A key outcome of the expert group meeting was the recognition of common interests amongst the participants, especially a group of intergovernmental and civil society organizations delivering new research and policy guidance in 2019 and 2020. Dialogue fostered by the expert group meeting led directly to the formation of the Working Group by (initially) Cordaid, International Commission of Jurists, IDLO, ODI, Pathfinders, and the Van Vollenhoeven Institute at Leiden University. 

The collective presence at WJF of many different actors interested in the role of CIJ in achieving justice for all also began to build political momentum around the need for better engagement with CIJ actors in justice and rule of law programming, setting the stage for the December 2021 High-Level Dialogue on CIJ and SDG16+.

What has the group already accomplished and what are the longer-term goals?

The Working Group has played an important role in building consensus around the need for CIJ to be at the center of efforts to enhance access to justice and the rule of law in line with SDG16+. By bringing together more than 60 key justice stakeholders, ranging from grassroots women’s and indigenous peoples’ organizations to UN agencies and bilateral donors, it has established a platform and parameters for ensuring that the challenges and opportunities related to CIJ are at the top of the global justice agenda leading up to the 2nd SDG Summit in 2023. 

In the next two years, the Working Group will aim to build the evidence and data needed to make a robust case for recognizing the place of CIJ in delivering people-centered justice, and foster joint learning and policy dialogue to drive sustained engagement by donors and governments with the empirical reality of CIJ.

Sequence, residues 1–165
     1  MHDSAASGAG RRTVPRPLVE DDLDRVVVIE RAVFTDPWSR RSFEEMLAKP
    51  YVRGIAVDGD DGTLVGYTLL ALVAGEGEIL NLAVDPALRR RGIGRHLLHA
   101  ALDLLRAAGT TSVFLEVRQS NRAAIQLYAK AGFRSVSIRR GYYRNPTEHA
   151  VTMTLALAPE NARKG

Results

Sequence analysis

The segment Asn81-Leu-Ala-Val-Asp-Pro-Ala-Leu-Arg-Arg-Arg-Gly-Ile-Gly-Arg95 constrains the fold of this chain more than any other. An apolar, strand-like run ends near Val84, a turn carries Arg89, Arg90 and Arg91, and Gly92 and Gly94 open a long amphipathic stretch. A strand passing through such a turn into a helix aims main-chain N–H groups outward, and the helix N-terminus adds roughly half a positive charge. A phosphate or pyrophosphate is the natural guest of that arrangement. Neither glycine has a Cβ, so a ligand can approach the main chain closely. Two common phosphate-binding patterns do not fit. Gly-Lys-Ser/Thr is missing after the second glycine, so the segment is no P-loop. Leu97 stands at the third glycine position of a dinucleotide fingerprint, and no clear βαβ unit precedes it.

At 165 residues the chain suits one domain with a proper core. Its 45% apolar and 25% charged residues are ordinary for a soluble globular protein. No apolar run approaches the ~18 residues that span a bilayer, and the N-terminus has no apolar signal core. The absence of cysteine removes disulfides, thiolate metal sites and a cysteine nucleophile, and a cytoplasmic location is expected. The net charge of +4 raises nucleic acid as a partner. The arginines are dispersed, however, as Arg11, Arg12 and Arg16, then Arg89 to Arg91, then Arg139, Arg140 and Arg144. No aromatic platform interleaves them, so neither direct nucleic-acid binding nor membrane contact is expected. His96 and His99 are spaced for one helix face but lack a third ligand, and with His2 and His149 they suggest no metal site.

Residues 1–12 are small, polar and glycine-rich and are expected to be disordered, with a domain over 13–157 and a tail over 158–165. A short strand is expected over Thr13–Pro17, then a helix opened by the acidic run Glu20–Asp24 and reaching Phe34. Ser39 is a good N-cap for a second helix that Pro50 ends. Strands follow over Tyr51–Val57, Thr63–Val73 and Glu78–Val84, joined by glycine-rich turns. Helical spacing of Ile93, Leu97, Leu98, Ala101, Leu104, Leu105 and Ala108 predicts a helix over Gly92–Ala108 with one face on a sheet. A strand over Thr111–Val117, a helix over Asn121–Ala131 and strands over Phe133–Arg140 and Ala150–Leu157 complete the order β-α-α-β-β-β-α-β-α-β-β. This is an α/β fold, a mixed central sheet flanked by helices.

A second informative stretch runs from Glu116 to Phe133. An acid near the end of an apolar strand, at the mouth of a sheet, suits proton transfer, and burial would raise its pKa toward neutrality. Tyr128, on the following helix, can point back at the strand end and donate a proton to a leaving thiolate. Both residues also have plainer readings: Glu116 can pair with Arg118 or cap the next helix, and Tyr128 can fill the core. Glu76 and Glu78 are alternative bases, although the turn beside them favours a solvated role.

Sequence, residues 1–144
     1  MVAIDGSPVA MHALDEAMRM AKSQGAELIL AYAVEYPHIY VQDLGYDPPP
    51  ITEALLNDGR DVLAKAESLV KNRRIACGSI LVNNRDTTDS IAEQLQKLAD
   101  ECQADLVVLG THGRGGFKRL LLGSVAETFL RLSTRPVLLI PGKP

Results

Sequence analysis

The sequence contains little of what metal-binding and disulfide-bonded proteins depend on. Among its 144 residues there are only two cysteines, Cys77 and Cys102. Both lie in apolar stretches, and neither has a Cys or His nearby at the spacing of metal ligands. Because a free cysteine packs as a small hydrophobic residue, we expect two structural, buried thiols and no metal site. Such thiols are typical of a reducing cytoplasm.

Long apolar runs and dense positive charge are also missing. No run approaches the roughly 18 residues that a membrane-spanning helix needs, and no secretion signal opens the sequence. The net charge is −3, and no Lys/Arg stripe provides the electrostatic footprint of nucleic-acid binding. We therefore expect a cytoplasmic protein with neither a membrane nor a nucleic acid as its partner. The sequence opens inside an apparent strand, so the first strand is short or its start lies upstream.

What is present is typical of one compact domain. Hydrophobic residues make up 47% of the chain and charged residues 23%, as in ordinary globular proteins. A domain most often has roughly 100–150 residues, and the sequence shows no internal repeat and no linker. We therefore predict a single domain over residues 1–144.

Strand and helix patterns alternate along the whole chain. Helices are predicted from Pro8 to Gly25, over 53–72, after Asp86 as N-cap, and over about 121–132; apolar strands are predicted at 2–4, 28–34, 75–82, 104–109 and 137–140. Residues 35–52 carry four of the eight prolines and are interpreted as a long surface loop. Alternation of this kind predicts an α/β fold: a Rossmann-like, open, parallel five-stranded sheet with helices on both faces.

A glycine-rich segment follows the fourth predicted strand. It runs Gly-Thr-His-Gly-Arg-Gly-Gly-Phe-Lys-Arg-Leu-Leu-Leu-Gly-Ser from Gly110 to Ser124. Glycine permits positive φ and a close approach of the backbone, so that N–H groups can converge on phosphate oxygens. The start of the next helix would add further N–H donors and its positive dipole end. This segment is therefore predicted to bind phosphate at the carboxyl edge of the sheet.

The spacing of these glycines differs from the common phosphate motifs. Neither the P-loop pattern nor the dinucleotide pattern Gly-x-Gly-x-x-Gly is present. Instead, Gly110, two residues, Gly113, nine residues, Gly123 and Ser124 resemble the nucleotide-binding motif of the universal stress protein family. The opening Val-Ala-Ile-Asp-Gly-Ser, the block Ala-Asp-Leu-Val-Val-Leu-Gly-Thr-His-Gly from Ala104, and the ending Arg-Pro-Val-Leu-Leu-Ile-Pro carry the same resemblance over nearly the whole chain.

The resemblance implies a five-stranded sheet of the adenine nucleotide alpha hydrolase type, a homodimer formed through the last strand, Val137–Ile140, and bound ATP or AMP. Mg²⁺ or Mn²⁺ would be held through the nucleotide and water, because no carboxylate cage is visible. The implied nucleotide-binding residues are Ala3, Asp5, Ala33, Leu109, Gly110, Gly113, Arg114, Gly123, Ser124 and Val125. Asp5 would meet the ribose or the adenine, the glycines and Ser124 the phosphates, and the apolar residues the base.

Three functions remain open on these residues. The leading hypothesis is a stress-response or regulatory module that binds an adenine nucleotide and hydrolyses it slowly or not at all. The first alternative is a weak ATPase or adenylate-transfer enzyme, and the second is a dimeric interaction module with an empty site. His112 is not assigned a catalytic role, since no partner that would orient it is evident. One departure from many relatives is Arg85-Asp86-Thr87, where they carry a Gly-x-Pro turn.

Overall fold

CIJ will be on the agenda again at the 2022 World Justice Forum. What outcomes do you hope to see from the convening?

Recognition of the prevalence of customary and informal justice is not terribly new and many justice practitioners and researchers are well aware of this reality. But what remains striking is the degree to which the international justice community remains overwhelmingly focused on the institutional arrangements of the formal justice system, despite this awareness of CIJ. 

What we hope the 2022 World Justice Forum and the Working Group on CIJ will achieve is a greater engagement with CIJ issues as core work to delivering SDG 16.3 and people-centered justice. CIJ is not a sideline issue but centrally important to millions of peoples lives around the world. We hope that we can garner more support for efforts to put CIJ centrally on the agenda and stoke action to build the evidence base and sensitively engage with CIJ where appropriate.

Overall, how would you describe the role the World Justice Forum plays?

The World Justice Forum has a unique convening power in the global justice community, bringing together the most diverse and representative range of policymakers and practitioners. As the experience of the Working Group vividly demonstrates, the networking and coalition-building opportunities presented by this gathering can be transformative in effect.

World Justice Forum 2022: Building More Just Communities will take place May 30 - June 2, 2022 in The Hague, Netherlands, and online.